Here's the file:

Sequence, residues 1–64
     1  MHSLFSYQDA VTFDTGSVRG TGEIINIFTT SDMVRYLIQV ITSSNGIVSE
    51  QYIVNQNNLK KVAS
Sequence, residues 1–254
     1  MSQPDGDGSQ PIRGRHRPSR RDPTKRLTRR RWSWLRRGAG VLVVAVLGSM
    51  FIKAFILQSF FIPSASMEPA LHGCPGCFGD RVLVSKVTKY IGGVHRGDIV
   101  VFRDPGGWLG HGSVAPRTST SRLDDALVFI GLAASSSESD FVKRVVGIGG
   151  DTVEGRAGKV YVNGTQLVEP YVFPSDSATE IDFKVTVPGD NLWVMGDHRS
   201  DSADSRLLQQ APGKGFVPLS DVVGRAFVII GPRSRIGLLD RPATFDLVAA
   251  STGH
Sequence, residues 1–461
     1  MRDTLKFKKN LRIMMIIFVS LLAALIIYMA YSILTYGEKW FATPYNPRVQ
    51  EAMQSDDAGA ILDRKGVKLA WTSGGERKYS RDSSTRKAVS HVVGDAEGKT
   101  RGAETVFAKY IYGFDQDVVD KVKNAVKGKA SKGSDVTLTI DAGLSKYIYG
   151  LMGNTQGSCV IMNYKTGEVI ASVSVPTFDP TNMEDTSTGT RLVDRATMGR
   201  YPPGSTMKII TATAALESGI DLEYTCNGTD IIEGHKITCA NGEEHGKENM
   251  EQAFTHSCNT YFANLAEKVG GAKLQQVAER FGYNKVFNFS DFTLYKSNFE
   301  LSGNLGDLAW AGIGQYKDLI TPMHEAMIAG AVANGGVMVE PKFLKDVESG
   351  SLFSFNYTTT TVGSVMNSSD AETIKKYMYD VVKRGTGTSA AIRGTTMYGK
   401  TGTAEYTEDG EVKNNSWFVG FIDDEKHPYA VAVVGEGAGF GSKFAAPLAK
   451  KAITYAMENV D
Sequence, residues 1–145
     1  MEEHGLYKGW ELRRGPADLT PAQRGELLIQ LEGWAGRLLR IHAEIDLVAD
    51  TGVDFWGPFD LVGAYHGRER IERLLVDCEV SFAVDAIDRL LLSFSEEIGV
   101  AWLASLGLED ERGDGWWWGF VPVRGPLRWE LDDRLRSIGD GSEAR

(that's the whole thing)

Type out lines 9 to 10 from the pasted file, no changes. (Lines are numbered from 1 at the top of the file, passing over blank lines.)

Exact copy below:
   201  DSADSRLLQQ APGKGFVPLS DVVGRAFVII GPRSRIGLLD RPATFDLVAA
   251  STGH